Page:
opposed to social promotion legislation in New Mexico, my son stays home from school

one lump or two with your unexcused absence?

Icalled Roy in fake sick to school last week. Here’s why:

About 10 days earlier, another mother from his class had called to ask what I thought about our third graders taking a trip to the state capitol. The students would have an opportunity to tour the Roundhouse, meet some legislators (maybe even the Secretary of Education) she told me, and maybe even get to observe some the lawmaking process for themselves. An employee of the current administration, this mother had the ability to arrange the trip we were discussing.

Our conversation was brief. I remember making listening noises initially. Later, though, I’m certain that I made the noises indicative of outright support. Words of restrained enthusiasm, even. A hands-on civics lesson for my son’s classroom; what could be better?

Once our connection was broken, though, I started thinking about some of the other things the other mother had said. Essentially, that there was a reason for the timing of the class’s proposed trip to the capitol, an hour away. There was legislation pending that would affect third graders around the state, and the implication was that a class of fresh-faced third graders touring the building and grounds – our fresh-faced third graders, mind you – might be just the sort of auspicious event that could provide for a photo op for some interested party’s gain.

Well, upon reflection, gross.

So I told a friend that I was going to keep Roy home from the field trip. I’d offered him a choice, I told her: an hour-long bus ride to and from the capitol with his class or a trip to the tea room. He chose the latter.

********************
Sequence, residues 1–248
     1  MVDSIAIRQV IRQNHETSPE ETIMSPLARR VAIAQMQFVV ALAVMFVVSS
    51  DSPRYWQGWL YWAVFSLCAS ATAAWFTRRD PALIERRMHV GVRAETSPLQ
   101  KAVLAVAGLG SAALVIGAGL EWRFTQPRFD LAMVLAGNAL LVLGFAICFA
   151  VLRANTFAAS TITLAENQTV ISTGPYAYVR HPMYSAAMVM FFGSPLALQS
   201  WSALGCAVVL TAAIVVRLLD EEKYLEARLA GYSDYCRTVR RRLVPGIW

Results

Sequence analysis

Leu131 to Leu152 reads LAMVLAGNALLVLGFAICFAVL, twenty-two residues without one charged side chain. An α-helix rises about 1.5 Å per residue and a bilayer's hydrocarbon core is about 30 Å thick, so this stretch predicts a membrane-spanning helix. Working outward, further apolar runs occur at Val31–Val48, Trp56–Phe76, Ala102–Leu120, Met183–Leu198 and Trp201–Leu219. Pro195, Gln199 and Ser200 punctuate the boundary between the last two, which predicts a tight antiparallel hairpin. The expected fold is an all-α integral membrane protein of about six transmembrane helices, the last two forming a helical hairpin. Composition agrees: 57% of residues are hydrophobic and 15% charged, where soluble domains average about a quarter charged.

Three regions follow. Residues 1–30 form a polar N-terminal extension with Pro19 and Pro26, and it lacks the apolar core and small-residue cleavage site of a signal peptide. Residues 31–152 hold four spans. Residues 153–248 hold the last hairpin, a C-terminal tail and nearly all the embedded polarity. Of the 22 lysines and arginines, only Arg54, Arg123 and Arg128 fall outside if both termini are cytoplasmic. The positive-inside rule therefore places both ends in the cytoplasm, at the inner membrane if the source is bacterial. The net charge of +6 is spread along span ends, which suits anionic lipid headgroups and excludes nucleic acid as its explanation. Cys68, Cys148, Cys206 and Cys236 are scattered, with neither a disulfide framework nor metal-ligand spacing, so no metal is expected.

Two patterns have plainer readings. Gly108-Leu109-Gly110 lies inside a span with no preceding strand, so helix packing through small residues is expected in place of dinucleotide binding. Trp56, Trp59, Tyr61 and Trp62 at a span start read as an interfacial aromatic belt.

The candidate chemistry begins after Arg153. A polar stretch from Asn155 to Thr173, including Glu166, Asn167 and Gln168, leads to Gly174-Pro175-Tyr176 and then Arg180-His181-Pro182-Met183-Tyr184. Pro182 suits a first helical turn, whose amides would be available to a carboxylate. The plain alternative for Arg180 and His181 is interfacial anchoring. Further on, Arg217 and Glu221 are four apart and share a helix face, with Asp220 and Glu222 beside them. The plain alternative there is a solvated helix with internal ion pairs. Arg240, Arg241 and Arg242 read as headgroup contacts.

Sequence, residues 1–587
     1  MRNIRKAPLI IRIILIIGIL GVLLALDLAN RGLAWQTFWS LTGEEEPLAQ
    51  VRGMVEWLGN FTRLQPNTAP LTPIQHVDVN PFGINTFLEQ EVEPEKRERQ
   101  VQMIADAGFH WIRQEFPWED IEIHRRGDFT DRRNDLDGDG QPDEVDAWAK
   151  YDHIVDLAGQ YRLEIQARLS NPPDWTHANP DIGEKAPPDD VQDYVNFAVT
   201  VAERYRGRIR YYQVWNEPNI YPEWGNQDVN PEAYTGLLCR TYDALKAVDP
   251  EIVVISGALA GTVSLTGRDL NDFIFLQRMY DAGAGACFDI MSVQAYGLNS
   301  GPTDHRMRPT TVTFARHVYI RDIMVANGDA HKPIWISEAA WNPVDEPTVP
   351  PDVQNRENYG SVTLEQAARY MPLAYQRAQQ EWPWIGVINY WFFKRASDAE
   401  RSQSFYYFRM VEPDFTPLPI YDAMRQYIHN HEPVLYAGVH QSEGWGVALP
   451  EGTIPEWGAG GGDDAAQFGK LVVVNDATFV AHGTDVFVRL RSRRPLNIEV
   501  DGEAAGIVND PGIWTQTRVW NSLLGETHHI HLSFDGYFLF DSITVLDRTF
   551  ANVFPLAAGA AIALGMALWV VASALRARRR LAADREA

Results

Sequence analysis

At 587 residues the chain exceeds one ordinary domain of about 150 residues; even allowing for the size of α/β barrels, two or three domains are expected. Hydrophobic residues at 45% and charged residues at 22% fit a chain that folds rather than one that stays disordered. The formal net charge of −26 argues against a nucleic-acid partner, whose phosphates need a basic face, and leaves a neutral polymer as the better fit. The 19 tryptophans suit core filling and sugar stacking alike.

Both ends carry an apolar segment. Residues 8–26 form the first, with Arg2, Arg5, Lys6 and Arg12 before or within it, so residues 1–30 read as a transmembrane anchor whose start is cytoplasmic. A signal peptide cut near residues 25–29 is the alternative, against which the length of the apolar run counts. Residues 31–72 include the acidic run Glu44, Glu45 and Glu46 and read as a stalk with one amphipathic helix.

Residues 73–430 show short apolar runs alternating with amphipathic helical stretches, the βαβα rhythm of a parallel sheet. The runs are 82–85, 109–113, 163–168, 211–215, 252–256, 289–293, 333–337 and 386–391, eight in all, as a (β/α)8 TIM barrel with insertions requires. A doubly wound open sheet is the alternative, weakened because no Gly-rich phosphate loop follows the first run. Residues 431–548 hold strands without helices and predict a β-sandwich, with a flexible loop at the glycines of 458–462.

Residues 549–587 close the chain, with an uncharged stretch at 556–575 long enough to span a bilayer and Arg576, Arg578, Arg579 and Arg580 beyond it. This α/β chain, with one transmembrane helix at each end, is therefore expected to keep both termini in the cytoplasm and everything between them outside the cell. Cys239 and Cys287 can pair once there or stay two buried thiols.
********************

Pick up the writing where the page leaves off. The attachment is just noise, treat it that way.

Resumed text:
“But what is your opinion of the bill itself?” she e-mailed me later.

I didn’t respond because, truth (that one’s for you, Michael K): I didn’t know. My only objection at the outset had been that my son might be used to forward someone’s political agenda – be it tilted to the right or to the left. But my friend’s question revealed my ignorance, made me feel uncomfortable and, finally, awakened in me a sense of responsibility to become informed. You can understand how this went down.

Social promotion is what is being decried in this latest legislative session. Our governor wants children who cannot read by third grade to be retained, period. Our schools are failing these students by passing them on to the next grade, making no one’s jobs easier but their own, perhaps (insert evil laugh here).

Hey, I want children to read! I mean, what kind of a terrible person doesn’t want third graders to read, right?

Not so fast.

Because standardized cutoffs send the same message as standardized testing or anything else: people (in this case, small ones) are the same everywhere, all the time. We’re not. And in our state, one of the nation’s poorest, legislation like this seems to have been drafted in the vacuum available to the socially disconnected. Schools with classrooms in which 80 percent of its third graders are learning English at the same time they’re learning to read are simply not going to meet these expectations because they kind of can’t be met. It’s like the proposed bill was written by someone who doesn’t live here.

Here’s my take: we can raise the bar on education as much as we want for as long as we want, but if the people on whose behalf we are supposed to be raising it aren’t getting the help they need to clear it — I’m talking about support and training in the years leading up to this third grade cut-off — not a one of them are going to get over it.

Also, we’re talking about some big-ass third grade classrooms coming into existence in the near future. I hope the state’s prepared to hire all of those teachers, for reals.

So I didn’t do what at least one other parent in the class did: send their child to school on field trip day anyway but have them abstain from the outing. I didn’t even call the mother back who’d arranged the trip in the first place to revisit my newly realized concerns. I could have; she’s also a friend. Instead, I kept Roy home and was cowardly about it. I suppose I’m really writing this today to make up for that.

(Roy and I did enjoy our tea party, though. I highly recommend the macaroons in case you’re passing through.)